How to Report False Insurance Claims

 

Fraud is deceit perpetrated with the expectation of profit or gain. The dictionary definition of the term belies the complexity and magnitude of some fraudulent schemes. Consumers, insurance companies, claims adjusters and contractors all participate in fraud. Consumer-led fraud is perhaps the most egregious form of insurance fraud. Every time a consumer defrauds an insurance agent or company, they make everyone pay higher premiums. Reporting false insurance claims and instances of insurance fraud is imperative to ensuring better coverage for all. 

Types of Insurance Fraud

The most common type of fraud occurs when a consumer files a false claim. Some consumers come up with elaborate schemes to defraud insurance companies and their customers of both money and goods. This costs everyone money and makes everyone, insurance company and consumer alike, a little less wealthy. Inflating damages, filing a claim for an event that never happened and even staging an accident all are tactics used by fraudsters. Some schemes can get very creative. For example, a common scheme is to steal a vehicle by writing a fake insurance check and giving it to the customer. 

Defrauding Government

Hurricane Katrina in 2005 spawned a rash of fake and fraudulent insurance incidences involving the federal government. U.S. attorneys cracked down on people who filed fake insurance claims to the Federal Emergency Management Agency for flood benefits. Several Louisiana residents were charged and faced long prison sentences. Defrauding the federal government is a serious crime.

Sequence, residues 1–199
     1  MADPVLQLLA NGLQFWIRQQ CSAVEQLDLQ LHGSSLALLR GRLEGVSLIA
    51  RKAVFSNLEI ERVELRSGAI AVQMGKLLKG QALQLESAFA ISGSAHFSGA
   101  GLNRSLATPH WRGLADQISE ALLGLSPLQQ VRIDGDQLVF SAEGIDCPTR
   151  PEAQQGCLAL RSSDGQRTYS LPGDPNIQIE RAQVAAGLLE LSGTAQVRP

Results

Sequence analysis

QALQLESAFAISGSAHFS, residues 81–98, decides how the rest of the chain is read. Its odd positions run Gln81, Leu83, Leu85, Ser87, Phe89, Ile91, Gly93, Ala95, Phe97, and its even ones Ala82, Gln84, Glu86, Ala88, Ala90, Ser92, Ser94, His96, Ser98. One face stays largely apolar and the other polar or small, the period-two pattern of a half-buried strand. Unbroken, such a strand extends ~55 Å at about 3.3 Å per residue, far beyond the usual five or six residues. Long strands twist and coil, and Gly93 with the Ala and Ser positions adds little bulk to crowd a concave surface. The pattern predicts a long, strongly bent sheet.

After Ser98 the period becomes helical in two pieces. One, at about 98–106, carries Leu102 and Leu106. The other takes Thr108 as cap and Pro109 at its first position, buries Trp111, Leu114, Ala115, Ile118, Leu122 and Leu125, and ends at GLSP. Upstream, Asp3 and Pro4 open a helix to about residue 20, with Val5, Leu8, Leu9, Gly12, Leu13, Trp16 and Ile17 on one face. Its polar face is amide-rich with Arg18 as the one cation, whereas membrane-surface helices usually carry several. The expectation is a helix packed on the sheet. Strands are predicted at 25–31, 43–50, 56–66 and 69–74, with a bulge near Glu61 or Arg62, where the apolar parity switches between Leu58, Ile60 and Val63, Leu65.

Whistleblowing and Reporting False Claims

The False Claims Act, adopted during the Civil War by President Lincoln, enables private individuals to come forward of their own accord and help the government reclaim defrauded funds. The individual, known as a relator, files a "qui tam" lawsuit against the alleged perpetrators. Qui tam is short for a Latin phrase, "qui tam pro domino rege quam pro siepse". The phrase translates to "as much as for the king as for himself". The phrase refers to filing a lawsuit on behalf of the government to recover any defrauded damages.

Filing a qui tam lawsuit is only one way of reporting insurance fraud. A whistleblower can also report an insurance fraud directly to the agency being defrauded. Defrauding Medicare or Medicaid, for example, should be reported to either of those agencies. Whistleblowers can also contact their state insurance departments and ask to speak to the fraud prevention bureau. 

Famous Qui Tam Cases Involving Insurance Fraud

James F. Alderson filed a qui tam lawsuit against Columbia/HCA Healthcare Corporation for allegedly defrauding both Medicare and Medicaid. Alderson alleged that hospitals run by the company throughout the United States routinely filed false claims and padded their reports in order to increase their reimbursements. A separate qui tam lawsuit was later filed in Florida by John Schilling about the same situation. In 1998, four mid-level executives were indicted with criminal charges as a result of the evidence provided to the Justice Department by Schilling. The company ended up paying $1.7 billion in damages for the fraud.